Once you’ve done this with objects from around the office, you’ve shown your sales team how the Challenger sales methodology can benefit them in complex selling scenarios. Now, you can take them through each approach in detail to get them ready to use it when selling one of your products.
How to adopt the Challenger sales methodology in 5 steps
The backbone of the Challenger sales methodology is teaching prospects as opposed to building a relationship with them.
Your sales reps must be equipped to take control of the sale and nudge customers into making purchase decisions. If done right, the selling style mirrors a ride on a rollercoaster. It taps into a prospect’s fears by showing them what will happen if they don’t act and eventually raises their hopes by positioning your product as the solution to these alarming scenarios. This emotional rollercoaster ends on a high—with the prospect eager to purchase your product.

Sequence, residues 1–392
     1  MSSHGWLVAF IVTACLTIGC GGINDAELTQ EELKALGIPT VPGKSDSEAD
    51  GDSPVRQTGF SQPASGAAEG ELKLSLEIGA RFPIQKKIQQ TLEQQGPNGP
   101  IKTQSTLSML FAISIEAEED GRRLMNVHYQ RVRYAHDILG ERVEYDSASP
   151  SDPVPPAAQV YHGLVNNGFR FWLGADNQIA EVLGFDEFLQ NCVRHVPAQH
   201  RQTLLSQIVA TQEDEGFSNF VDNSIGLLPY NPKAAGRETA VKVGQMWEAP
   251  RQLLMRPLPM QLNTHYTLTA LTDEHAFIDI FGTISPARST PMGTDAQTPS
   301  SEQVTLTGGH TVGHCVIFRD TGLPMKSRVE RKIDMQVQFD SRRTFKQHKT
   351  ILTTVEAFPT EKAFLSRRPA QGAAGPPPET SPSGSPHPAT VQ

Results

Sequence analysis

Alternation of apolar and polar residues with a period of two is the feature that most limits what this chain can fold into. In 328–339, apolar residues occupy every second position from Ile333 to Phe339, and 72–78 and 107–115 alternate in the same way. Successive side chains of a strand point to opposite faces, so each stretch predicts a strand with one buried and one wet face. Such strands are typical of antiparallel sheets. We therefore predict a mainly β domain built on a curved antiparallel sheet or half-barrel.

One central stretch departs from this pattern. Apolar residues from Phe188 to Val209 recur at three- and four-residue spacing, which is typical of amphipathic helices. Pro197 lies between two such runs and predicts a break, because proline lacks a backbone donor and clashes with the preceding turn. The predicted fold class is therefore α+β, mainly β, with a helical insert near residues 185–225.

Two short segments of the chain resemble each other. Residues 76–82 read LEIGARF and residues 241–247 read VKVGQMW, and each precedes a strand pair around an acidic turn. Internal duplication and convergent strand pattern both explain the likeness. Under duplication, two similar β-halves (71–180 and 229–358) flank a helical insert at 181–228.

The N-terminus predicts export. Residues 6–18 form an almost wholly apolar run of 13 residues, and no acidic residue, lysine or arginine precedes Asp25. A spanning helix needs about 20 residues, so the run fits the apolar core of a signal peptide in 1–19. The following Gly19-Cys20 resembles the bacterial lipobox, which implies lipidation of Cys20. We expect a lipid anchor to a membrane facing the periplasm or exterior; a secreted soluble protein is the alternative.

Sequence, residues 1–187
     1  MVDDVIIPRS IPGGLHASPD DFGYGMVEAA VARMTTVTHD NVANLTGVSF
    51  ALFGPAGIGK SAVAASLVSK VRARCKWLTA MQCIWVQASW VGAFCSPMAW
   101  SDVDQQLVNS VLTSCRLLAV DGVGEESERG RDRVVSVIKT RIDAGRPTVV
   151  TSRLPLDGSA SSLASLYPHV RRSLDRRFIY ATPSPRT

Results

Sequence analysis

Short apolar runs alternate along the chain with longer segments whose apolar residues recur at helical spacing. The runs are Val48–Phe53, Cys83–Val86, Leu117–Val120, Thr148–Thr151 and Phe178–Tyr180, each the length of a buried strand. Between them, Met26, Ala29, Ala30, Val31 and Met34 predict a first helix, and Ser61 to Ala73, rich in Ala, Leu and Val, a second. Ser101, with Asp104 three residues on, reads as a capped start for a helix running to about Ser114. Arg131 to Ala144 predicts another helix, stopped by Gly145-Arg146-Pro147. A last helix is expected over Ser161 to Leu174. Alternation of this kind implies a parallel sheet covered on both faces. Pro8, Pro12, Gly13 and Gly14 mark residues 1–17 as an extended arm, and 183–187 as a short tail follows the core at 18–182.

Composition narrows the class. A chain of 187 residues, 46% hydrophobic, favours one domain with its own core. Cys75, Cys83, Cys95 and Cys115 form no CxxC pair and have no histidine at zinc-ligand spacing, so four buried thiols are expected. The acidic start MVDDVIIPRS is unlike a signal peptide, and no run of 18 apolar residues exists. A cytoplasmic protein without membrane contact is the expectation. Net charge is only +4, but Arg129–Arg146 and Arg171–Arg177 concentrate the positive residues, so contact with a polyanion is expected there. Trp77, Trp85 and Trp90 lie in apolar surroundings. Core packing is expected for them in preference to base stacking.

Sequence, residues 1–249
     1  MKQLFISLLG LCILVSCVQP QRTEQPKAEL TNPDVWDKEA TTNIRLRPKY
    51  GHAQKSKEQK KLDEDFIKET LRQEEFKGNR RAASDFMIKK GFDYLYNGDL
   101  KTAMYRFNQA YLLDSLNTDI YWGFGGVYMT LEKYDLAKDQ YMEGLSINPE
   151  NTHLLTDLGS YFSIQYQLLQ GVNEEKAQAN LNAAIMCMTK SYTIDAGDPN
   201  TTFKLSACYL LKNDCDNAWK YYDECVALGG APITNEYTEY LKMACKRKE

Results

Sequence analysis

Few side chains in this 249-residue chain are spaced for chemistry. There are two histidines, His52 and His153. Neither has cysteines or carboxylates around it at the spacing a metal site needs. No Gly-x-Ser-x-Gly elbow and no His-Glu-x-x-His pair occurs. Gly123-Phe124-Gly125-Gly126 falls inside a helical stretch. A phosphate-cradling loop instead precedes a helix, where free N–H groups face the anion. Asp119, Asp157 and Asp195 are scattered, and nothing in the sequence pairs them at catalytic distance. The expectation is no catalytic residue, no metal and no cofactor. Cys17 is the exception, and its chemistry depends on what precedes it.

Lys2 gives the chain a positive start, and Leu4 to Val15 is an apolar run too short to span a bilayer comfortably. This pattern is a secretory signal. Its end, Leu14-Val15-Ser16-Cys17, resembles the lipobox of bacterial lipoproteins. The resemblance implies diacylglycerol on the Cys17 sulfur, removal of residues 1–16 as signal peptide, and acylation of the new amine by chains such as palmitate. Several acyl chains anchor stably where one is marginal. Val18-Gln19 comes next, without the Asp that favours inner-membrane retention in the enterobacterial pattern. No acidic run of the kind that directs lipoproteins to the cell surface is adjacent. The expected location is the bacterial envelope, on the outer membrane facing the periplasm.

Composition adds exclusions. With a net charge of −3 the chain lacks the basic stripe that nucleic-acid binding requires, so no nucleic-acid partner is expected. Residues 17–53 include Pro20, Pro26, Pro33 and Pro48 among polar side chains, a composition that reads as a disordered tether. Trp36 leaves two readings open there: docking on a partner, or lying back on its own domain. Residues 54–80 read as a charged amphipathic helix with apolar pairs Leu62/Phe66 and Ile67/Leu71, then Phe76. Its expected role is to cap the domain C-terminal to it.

The methodology can be adopted using a five-step process.
Step 1: The warm-Up
The first step of the Challenger sales process is to build credibility with prospects. It’s crucial that your sales reps show their prospects that they understand the challenges they’re facing. To do this, your reps need to thoroughly research and investigate the prospect’s pain points, challenges and needs.
While other selling techniques require reps to talk about what your product does, the Challenger sale method demands reps talk about their prospect’s needs instead. Your product is never mentioned at this stage, but rather the entire discussion should focus on the prospect’s problem.
Sales reps should:
- Show prospect’s why they’re contacting them: Talk about typical issues the prospect might be dealing with to show that they understand and can empathize.
- Prove they’re an expert: Demonstrate that they have the necessary experience to understand their prospect’s problems and what they’re dealing with.
- Get them feeling curious: Introduce any facts or research about the problem that might pique interest.
- Get interactive: Use visuals and interactive content to get the prospect involved in the discussion and uncover crucial pain points they are facing.